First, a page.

Do you think that’s going to happen with brain hacking through these electronic devices? Or is it just something that the government is gonna be like “yeah, whatever. It’s just free market.”
Cal: Well, you have to keep in mind… We have to keep the historical example in mind… I think this is actually an interesting point so there’s been recently in the news like let’s say Chris Hughes one of the cofounders of Facebook and some of the presidential candidates coming out and saying “social media… The big companies like Facebook are like big oil, and they need to be broken up. They’re trusts that need to be broken up.”
But maybe the better analogy is actually big tobacco, because think about… The government response to big tobacco was not “we’re gonna somehow regulate tobacco companies to make cigarettes less harmful.” the response to big tobacco was we’re going to essentially…
Mark: Tax it.
Cal: Well, yeah. But also educate the public that you probably shouldn’t be smoking. And I’m wondering if that’s not the more apt analogy here. If this is a free service that’s based on extracting attention, fundamentally it’s going to be it’s going to be addictive, it’s going to be exploitative.
They have a fiduciary responsibility to their shareholders to be addictive and to get as much use as possible. And so I don’t know if the idea of “what we need to do is maybe just get more competition in this space,” is somehow the key.
To me I see this a little bit more through the lens of how we used to see big tobacco. And that’s what I’m trying to do with my books. Is shift the culture to some degree where people no longer feel comfortable with the idea that this is something that they’re just going to slavishly check on their phone. I mean, I think when something is unhealthy as opposed to un-competitive, that’s a different set of solutions you begin to look at.
Mark: Right. Or another option is that we’re heading into an era where people – because of the access to information and the diffusion of information – that a lot of people are demanding more social responsibility of the companies that they do business with. As well as invest in. And so I think you’re gonna find companies that exploit things that damage the social fabric having a harder and harder time staying in business. That’s maybe a dream of mine… (laughing) But it’s not happening right now, it doesn’t seem. But you never know, right?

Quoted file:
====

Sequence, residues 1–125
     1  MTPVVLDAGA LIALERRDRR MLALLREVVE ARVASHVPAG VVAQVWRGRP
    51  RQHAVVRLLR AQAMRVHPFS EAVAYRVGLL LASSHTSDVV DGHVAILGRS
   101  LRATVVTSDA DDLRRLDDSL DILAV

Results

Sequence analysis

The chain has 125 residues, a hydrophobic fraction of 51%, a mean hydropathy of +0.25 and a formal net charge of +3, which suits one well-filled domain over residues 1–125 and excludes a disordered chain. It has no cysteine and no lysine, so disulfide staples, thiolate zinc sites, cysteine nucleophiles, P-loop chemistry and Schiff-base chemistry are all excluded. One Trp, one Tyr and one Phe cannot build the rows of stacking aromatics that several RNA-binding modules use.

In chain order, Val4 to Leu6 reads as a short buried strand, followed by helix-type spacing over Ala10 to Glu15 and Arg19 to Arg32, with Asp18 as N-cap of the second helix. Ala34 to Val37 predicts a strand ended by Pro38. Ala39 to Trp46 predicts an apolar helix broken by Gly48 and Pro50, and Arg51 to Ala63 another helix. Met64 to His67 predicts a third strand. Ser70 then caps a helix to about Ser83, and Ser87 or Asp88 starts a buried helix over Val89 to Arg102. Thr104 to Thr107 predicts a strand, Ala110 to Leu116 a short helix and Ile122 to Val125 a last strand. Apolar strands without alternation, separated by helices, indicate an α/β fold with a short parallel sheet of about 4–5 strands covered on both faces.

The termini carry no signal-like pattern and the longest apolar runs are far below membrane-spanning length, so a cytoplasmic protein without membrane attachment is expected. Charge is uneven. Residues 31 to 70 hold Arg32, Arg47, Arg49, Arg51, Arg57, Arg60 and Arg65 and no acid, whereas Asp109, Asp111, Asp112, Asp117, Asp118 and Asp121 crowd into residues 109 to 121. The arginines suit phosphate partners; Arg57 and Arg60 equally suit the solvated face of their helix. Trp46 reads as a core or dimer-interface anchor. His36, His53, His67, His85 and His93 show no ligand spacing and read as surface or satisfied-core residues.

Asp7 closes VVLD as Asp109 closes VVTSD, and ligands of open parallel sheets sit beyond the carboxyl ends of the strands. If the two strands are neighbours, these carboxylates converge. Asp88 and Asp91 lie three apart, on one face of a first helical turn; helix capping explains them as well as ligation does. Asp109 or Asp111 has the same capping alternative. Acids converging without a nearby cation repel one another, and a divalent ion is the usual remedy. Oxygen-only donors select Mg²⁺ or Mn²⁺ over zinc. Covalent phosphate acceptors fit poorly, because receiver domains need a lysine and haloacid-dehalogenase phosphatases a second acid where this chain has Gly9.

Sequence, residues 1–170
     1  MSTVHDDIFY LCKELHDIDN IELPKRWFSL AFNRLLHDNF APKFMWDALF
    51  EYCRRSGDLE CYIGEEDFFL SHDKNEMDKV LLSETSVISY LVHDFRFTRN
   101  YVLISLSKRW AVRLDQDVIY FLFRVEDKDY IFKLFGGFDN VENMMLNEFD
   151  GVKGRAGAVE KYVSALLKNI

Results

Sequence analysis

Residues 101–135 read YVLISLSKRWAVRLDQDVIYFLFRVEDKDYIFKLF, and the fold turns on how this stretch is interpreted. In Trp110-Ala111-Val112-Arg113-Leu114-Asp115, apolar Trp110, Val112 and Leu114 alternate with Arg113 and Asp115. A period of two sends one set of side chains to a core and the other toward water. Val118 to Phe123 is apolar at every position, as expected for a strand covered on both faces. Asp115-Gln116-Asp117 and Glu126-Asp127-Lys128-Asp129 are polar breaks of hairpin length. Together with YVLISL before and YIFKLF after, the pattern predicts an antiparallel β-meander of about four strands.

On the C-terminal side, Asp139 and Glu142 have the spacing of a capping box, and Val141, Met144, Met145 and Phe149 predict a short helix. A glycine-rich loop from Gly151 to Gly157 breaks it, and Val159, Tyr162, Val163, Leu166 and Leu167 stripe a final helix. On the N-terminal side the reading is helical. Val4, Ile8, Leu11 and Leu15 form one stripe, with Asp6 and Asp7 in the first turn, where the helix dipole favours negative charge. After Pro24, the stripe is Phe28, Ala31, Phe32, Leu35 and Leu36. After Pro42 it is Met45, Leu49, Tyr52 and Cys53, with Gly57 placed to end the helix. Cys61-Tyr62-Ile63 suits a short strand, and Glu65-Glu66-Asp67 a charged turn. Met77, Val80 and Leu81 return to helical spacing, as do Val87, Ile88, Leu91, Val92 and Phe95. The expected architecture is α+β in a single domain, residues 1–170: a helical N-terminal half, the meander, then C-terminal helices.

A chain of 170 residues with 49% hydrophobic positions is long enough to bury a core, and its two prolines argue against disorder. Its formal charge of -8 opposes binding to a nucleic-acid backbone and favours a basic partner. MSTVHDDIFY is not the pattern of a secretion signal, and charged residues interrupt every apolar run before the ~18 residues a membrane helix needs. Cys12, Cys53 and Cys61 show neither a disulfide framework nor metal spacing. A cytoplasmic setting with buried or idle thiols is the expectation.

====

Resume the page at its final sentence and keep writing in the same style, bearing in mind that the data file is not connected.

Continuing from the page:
Cal: You never know. And the funny thing about a company like Facebook is that it’s historically unique. We’ve never before in history had a company that was so valuable. I mean Facebook is valued around five hundred billion dollars – that’s almost twice Exxon Mobil’s valuation.
And yet at the same time is so dispensable. If you think about Facebook right…? If I came to you and said “look, I’m sorry. A court ordered you’re not allowed to look at Facebook.” you’d be okay.
Mark: I haven’t looked at Facebook in ten years.
Cal: Exactly. And most people have same reaction “like oh it’s okay. I mean, if it’s there I’m gonna look at it.”
And yet it’s worth 500 billion dollars. Typically when you have a company that valuable it’s because, let’s say, they supply oil. And our entire economy requires oil to run. And it’s a necessity and it’s a social good.
But that’s this weird place these social media companies are on is that their hooks into their audience is very tenuous. And people can very easily leave a platform and go to another. I’ve been documenting pretty thoroughly a lot of people my age who are just leaving social media altogether. Like “well, I tried it. It was okay.”
I mean they don’t really play… They’re an interesting source of distraction but for most people, they’re not at all indispensable. So they’re in this weird, precarious situation where Kim Kardashian says the right thing about Instagram tomorrow and they could see their user base plummet by 30%. That’s a scary position to be in if you’re one of these companies.